Anacostia Riverwalk Environmental Assessment December 2004


Table of Contents ii



CHAPTER 4: ENVIRONMENTAL CONSEQUENCES
4.1 NEIGHBORHOODS.................................................................................................... 4-1
4.2 PARKS AND RECREATIONAL FACILITIES.......................................................... 4-3
4.3 VISITOR USE AND EXPERIENCE........................................................................... 4-3
4.4 AREA PLANNING DOCUMENTS ............................................................................ 4-4
4.5 ARCHAEOLOGICAL AND HISTORICAL SITES ................................................... 4-4
4.5.1 Effects on Archaeological Resources ............................................................... 4-5
4.6 VISUAL AND AESTHETICS ..................................................................................... 4-7
4.7 HABITAT AND WILDLIFE ....................................................................................... 4-8
4.8 RARE, THREATENED, AND ENDANGERED (RTE) SPECIES............................. 4-9
4.9 WETLANDS AND WATERWAYS............................................................................ 4-9
4.10.1 Avoidance and Minimization of Impacts........................................................ 4-11
4.10 FLOODPLAINS ......................................................................................................... 4-13
4.11 WATER QUALITY.................................................................................................... 4-14
4.12 CONTAMINATION................................................................................................... 4-16
4.13 PERMITTING............................................................................................................ 4-17
4.13.1 Habitats ........................................................................................................... 4-17
4.13.2 Wetlands ......................................................................................................... 4-17
4.13.3 Water Quality.................................................................................................. 4-18
4.14 CUMULATIVE EFFECTS ........................................................................................ 4-18
4.14.1 Scoping ........................................................................................................... 4-18
4.14.2 Resource Characterization ............................................................................. 4-19
4.14.3 Cumulative Effects.......................................................................................... 4-19
4.15 SUMMARY OF IMPACTS ....................................................................................... 4-20

CHAPTER 5: PREFERRED ALTERNATIVE
5.1 Identification of the Preferred Alternative.................................................................... 5-1
5.1.1 Design Section 1 ............................................................................................... 5-1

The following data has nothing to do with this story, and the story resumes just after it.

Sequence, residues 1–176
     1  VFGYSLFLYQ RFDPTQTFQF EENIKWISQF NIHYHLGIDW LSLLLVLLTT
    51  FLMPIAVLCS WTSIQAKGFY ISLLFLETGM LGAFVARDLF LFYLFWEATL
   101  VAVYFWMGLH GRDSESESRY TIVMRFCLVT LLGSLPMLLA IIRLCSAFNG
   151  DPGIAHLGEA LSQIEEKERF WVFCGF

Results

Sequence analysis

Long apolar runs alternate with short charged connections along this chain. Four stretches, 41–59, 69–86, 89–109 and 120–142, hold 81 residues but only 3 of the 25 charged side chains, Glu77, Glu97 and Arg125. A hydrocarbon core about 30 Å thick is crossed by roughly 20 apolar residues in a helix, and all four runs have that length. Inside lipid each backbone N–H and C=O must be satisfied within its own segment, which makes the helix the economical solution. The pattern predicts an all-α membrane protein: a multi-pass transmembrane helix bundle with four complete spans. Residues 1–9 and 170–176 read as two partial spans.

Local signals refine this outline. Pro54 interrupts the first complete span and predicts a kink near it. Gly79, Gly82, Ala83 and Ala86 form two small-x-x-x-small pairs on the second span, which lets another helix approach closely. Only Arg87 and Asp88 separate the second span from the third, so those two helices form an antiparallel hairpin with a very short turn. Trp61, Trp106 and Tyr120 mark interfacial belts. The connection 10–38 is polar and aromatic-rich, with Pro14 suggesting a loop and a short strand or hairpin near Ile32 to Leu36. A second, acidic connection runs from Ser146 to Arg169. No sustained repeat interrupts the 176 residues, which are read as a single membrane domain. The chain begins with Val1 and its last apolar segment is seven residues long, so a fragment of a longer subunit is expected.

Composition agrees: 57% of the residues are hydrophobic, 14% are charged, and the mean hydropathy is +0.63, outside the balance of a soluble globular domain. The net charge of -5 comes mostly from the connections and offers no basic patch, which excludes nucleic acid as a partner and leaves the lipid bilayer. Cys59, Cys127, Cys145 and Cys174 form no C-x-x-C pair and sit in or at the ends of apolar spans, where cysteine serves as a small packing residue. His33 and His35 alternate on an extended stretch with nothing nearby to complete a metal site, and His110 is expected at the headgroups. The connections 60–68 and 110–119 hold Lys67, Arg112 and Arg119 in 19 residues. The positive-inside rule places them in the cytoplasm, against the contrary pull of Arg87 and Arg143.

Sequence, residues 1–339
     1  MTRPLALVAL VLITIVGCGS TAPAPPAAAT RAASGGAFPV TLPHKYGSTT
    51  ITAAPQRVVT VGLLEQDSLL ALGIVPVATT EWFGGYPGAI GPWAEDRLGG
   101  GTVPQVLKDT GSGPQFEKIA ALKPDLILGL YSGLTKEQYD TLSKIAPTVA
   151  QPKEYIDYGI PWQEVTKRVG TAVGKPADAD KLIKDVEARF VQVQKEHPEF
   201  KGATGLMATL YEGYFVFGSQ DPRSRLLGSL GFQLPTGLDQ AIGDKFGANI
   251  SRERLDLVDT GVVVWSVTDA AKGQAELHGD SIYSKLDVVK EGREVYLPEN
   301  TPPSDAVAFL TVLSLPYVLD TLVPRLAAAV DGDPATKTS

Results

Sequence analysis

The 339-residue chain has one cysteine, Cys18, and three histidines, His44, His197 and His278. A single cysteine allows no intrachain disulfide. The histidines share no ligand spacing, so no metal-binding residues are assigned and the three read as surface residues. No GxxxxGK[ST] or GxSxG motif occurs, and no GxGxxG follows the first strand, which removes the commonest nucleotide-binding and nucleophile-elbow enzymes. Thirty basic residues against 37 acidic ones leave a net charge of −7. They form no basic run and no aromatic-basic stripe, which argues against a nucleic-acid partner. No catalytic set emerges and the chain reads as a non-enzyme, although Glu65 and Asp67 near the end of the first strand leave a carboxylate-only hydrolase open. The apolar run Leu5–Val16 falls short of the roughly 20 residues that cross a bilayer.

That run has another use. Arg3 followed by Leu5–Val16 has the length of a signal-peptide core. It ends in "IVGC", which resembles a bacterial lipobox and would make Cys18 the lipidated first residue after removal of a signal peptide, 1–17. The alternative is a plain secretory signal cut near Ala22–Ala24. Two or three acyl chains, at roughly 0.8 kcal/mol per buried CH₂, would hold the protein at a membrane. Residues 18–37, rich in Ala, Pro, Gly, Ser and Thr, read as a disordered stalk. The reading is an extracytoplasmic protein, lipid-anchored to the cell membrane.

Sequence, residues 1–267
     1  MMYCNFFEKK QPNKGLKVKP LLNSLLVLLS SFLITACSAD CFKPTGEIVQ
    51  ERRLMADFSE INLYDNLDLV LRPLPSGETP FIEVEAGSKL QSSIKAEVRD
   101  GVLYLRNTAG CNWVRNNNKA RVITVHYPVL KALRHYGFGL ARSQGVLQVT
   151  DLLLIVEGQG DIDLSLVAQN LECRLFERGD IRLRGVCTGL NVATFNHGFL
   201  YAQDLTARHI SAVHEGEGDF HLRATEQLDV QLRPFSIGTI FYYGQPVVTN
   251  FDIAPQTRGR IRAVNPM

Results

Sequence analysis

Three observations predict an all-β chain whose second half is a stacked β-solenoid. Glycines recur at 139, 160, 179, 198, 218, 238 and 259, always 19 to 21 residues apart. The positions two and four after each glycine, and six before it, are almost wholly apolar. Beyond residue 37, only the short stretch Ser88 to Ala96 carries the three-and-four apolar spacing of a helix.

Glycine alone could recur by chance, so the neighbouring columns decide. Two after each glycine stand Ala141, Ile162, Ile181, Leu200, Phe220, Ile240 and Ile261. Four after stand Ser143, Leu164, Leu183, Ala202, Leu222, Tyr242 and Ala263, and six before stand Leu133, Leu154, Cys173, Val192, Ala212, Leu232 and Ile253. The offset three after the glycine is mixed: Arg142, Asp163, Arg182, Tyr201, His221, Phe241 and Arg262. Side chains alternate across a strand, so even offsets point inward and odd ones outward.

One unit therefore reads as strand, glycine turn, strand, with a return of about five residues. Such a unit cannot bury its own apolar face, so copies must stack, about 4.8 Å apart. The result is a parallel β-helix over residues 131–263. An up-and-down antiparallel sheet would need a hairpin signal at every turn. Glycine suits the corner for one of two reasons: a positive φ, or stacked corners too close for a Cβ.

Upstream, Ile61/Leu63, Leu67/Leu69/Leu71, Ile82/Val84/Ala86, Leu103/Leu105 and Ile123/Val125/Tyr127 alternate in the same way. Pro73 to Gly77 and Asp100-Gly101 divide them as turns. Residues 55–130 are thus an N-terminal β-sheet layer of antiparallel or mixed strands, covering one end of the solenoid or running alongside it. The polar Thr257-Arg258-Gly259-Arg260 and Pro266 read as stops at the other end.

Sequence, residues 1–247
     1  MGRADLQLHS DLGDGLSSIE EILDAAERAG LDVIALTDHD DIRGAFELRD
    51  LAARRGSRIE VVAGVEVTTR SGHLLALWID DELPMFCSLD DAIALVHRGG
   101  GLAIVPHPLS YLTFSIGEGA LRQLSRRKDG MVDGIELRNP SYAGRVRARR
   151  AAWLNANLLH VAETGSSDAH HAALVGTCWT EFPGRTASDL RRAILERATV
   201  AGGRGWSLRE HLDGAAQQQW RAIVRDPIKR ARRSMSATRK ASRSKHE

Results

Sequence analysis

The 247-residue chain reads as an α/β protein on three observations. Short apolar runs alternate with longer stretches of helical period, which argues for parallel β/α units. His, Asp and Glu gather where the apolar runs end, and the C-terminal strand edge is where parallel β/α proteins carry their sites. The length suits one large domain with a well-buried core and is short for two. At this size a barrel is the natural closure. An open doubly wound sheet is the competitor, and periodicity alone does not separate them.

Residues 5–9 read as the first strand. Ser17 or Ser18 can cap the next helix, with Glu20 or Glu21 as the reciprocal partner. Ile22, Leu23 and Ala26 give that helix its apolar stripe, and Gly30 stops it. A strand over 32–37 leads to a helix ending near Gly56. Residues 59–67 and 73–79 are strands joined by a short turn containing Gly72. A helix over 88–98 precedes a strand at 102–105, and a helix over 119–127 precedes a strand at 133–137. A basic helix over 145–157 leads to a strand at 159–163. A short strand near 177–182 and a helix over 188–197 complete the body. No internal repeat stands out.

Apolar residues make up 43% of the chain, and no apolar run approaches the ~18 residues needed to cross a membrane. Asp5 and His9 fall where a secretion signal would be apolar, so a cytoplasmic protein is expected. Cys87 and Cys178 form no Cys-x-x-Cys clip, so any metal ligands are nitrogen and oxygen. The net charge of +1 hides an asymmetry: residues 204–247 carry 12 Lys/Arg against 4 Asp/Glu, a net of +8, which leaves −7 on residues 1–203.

5.1.2 Design Section 2 ............................................................................................... 5-1
5.1.3 Design Section 3 ............................................................................................... 5-2
5.2 MITIGATION AND MONITORING REQUIREMENTS .......................................... 5-2

CHAPTER 6: CONSULTATION AND COORDINATION
6.1 HISTORY OF PUBLIC INVOLVEMENT.................................................................. 6-1
6.1.1 Public Outreach................................................................................................. 6-1
6.2 LIST OF PREPARERS AND PROJECT TEAM......................................................... 6-2
6.3 LIST OF RECIPIENTS ................................................................................................ 6-3

CHAPTER 7: REFERENCES
7.1 BIBLIOGRAPHY......................................................................................................... 7-1
7.2 ACRONYMS AND ABBREVIATIONS..................................................................... 7-4

Anacostia Riverwalk Environmental Assessment December 2004


Table of Contents iii


LIST OF FIGURES

Figure 1-1 Anacostia Riverwalk Regional Map.................................................................... 1-2
Figure 1-2. Anacostia Regional Trails.................................................................................... 1-5
Figure 2-1 Typical Paved Section.......................................................................................... 2-2
Figure 2-2 Typical Boardwalk Sections ................................................................................ 2-2
Figure 2-3 Typical Reconstructed Existing Sidewalk ........................................................... 2-2
Figure 2-4 Typical Trail and Existing Roadways.................................................................. 2-2
Figure 2-5 ARW Alternatives – Design Section 1 ................................................................ 2-3
Figure 2-6 ARW Alternatives – Design Section 2 ................................................................ 2-6
Figure 2-7 ARW Alternatives – Design Section 3 ................................................................ 2-9
Figure 3-1 ARW Project Location......................................................................................... 3-2
Figure 3-2 ARW Area Parks.................................................................................................. 3-5
Figure 3-3 ARW Archaeological Sites................................................................................ 3-10
Figure 3-4 ARW Viewsheds................................................................................................ 3-11